• Ron Melka stated they did not have a committee meeting, but the council has 3 vacancies in leadership that need to be filled: Consumer Co-Chair, Secretary, and Development Committee Member. If anyone is interested, please contact us. Descriptions of the positions are in the Bylaws. We have trainings for new members and annual required trainings, as well, including the Open Meeting Act training, Sexual Harassment training, and Ethics training. Irwin will send out info on these. We have a PowerPoint presentation on the Bylaws that is helpful to review, as well. Irwin noted that there is an issue with the website for the Open Meeting Act training, so that requirement is being postponed until it is back up.
    • Adult Inpatient Report
      • Dennis advised that he knows the information needed on inpatient beds is available somewhere, but they don't know where it is. The 988 system needs knowledge on availability of all services, not just beds, and we hope that info is available soon. Insurance regulations are limiting the number of days available for treatment, and we need to look at services available after release. Partial hospitalization is a potential solution that might be more productive. One major issue is that if you want to be hospitalized, you have to say you're suicidal, and that can be problematic in many areas, including the stigma that goes along with it. He noted that the committee had talked about the possibility of increasing compensation for hospitalization via taxation, but keeping the least restrictive environment in mind. Director Albert replied that we are in a similar situation now, during the pandemic, as we have been previously. It's difficult to operate our hospitals with limited staff when people are out due to COVID or COVID exposure. Sometimes we have to pause admissions, and we do have some community hospitals who help to pick up the slack, and that is difficult on them, as well. There was a bed registry that was raised as part of the 988 planning; he deferred to Dr. Barnett for any update on that. Dr. Barnett advised they were given access to a system that will allow them to build it, but that is as far as they have made it. Director Albert acknowledged it was a lot of work to get that far. Also, there are Transitional Community Care & Support pilot programs that have been going on for a couple of years now, trying to reconnect people with services upon discharge from hospitals. They are reviewing the results of these programs currently. We need to commit to making these efforts ongoing.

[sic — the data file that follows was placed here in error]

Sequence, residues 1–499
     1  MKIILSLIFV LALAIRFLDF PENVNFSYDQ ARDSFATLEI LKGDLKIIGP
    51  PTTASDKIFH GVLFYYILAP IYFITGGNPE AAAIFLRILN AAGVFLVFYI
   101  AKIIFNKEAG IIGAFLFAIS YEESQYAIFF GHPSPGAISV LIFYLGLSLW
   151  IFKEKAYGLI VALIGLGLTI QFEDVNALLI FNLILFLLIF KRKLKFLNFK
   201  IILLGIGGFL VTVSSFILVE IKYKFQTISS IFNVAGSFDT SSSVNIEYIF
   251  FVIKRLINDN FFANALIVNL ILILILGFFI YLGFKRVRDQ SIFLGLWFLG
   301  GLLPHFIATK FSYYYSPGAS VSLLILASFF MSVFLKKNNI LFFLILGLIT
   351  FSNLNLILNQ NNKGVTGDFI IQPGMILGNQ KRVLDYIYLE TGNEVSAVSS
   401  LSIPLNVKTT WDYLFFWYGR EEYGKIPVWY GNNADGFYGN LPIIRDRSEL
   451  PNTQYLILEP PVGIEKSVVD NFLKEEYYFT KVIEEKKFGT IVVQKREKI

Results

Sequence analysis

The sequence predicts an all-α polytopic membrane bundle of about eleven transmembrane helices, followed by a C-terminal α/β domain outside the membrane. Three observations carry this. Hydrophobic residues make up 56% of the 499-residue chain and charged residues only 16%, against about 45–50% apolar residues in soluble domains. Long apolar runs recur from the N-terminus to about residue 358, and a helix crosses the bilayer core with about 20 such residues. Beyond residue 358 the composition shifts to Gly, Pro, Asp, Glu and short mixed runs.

• Justice Committee Report: Committee not currently active.
  • Division of Mental Health Report
    • Lee Ann stated that block grant money for First.IL is being expanded with supplemental money. The internal DMH team has been planning for ways to use these funds, including adding contracts for team development that starts tomorrow. We're also enhancing the model for all existing and new teams to include specialized cognitive behavioral training for co-occurring substance use conditions. As far as 988, we are talking about expanding call center capacity and a NOFO was published a couple months back for a statewide call center. We have huge gaps in capacity to cover the entire state in time for 988 to go live, so we are working hard on that to ensure we will be able to provide the needed services. On a related note, SAMHSA was awarded funds for states to use for Lifeline call centers who contract with Vibrant. We're very excited about that opportunity, as well. I'll hopefully have more info at the next meeting. We also brought our consultants on board to assist us with phases of the work for 988, including the final draft of the implementation plan which is due next month. The Coalition meeting is next week and is open to anyone who wants to participate. In relation to the bed registry, Vibrant procured a vendor for a unified platform and will be working on the technical requirements over the next few months. It will include more than just bed registries, as well, since part of the point of 988 is to help reduce the number of inpatient hospitalizations. The registry will most likely not be ready until 2023. And a final heads up, the legislative session has started; hearings start as soon as next week.